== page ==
The DELETE operation follows almost the same steps as the INSERT operation, except in the opposite order. As with insertions
and updates, this sequence of operations is followed for all transactions regardless of their isolation level.
- Acquire a shared schema lock on the table, if one is not already held.
- Acquire an intent-to-write table lock on the table, if one is not already held.
- Identify candidate rows to be updated. As rows are scanned, they are locked. The default locking behavior is described in
Isolation levels and consistency.
At isolation levels 2 and 3 the following differences occur that are different from the default locking behavior: intent-to-write
row-level locks are acquired instead of read locks, and intent-to-write locks may in some cases be acquired on rows that are
ultimately rejected as candidates for update.
- For each candidate row identified in step 2.a, follow the rest of the sequence.
- Write lock the row to be deleted.
- Remove the row from the table so that it is no longer visible to other transactions. The row cannot be destroyed until the
transaction is committed because doing so would remove the option of rolling back the transaction. Index entries for the deleted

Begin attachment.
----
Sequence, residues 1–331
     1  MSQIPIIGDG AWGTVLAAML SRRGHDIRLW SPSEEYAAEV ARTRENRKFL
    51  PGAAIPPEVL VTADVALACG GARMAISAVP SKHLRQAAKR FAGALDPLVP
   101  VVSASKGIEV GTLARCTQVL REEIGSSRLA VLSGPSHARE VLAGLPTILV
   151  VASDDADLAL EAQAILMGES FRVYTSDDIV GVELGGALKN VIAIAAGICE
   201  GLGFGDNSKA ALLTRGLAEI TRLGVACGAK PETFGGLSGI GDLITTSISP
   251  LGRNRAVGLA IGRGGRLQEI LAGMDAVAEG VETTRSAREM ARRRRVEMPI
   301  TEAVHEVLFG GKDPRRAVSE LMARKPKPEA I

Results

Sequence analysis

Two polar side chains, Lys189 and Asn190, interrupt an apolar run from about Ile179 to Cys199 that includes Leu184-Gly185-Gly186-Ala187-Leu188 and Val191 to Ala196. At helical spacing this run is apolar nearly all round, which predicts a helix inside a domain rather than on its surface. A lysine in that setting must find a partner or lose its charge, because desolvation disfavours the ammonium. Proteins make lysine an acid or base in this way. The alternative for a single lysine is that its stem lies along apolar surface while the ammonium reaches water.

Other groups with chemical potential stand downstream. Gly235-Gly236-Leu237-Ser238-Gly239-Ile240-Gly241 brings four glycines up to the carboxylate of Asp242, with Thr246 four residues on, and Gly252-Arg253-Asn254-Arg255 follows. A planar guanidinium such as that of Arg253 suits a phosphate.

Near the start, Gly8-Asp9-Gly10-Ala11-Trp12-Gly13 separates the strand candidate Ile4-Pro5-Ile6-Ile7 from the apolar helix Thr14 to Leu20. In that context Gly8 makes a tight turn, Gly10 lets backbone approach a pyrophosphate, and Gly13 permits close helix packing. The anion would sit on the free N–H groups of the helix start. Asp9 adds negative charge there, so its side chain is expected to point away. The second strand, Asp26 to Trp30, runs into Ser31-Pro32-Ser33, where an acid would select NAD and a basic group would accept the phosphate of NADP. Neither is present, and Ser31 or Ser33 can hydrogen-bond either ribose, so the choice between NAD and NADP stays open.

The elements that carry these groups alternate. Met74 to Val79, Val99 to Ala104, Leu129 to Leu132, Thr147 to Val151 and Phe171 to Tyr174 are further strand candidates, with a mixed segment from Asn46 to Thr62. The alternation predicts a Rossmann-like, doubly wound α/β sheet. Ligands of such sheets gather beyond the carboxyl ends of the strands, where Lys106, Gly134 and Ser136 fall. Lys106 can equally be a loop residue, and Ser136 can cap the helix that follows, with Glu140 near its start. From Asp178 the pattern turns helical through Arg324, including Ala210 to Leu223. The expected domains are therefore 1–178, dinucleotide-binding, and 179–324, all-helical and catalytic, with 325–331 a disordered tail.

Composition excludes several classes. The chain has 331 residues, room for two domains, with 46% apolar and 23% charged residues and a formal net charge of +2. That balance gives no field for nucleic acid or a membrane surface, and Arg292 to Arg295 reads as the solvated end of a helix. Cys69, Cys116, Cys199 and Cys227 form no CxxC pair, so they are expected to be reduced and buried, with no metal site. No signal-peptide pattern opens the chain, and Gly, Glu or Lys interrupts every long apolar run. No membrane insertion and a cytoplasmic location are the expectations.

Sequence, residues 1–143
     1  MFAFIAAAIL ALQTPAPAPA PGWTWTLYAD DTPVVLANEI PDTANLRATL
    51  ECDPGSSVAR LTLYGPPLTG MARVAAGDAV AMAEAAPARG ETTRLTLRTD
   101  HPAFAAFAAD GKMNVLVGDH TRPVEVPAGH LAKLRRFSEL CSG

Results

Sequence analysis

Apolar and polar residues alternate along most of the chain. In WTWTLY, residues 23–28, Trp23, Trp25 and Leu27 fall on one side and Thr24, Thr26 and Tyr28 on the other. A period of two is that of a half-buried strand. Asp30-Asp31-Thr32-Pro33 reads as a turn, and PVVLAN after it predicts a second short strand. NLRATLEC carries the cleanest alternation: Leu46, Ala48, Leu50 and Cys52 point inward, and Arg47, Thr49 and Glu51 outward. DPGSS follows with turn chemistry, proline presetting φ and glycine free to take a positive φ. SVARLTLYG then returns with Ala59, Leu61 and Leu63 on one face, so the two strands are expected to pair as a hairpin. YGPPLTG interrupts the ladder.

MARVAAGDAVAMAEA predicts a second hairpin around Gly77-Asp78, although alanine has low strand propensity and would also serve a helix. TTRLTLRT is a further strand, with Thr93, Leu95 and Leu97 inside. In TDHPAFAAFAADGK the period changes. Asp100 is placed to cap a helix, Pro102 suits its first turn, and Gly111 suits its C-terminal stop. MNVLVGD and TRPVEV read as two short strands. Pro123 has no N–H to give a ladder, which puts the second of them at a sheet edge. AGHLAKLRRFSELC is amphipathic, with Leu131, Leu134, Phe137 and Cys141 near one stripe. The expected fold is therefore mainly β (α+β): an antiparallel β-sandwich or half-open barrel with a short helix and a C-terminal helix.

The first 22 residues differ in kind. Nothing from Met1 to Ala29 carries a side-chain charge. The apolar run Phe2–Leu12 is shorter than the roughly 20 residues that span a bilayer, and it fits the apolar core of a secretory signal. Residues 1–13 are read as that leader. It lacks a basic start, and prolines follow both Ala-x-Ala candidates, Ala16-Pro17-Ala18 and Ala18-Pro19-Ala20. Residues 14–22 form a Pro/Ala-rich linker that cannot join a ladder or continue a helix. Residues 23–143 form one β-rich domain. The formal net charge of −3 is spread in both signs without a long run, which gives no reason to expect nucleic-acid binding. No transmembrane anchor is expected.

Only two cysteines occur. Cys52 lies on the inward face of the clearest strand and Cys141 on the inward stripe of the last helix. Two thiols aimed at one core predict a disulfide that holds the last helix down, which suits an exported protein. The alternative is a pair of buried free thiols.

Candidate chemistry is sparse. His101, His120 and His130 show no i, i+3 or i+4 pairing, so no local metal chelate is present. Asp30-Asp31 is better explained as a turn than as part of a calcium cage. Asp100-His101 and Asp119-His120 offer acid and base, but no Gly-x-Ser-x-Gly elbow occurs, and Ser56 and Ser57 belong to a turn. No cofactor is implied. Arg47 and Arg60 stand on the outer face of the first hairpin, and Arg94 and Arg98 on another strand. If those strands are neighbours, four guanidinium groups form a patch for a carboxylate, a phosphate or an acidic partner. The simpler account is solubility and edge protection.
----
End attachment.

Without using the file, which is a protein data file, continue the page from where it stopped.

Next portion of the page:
row are preserved, though marked as deleted, until transaction completion. This prevents other transactions from re-inserting
the same row.
- If the table is a primary table in a referential integrity relationship, and the relationship's DELETE action is not RESTRICT,
determine the affected row(s) in the foreign table(s) by first acquiring a shared schema lock on the table(s), an intent-to-write
table lock on each, and acquire write locks on all of the affected rows, modifying each as appropriate. Note that this process
may cascade through a nested hierarchy of referential integrity constraints.
The transaction can be committed provided referential integrity is not violated by doing so. In order to verify referential
integrity, the database server also keeps track of any orphans created as a side effect of the deletion. Upon COMMIT, the
server records the operation in the transaction log file and release all locks.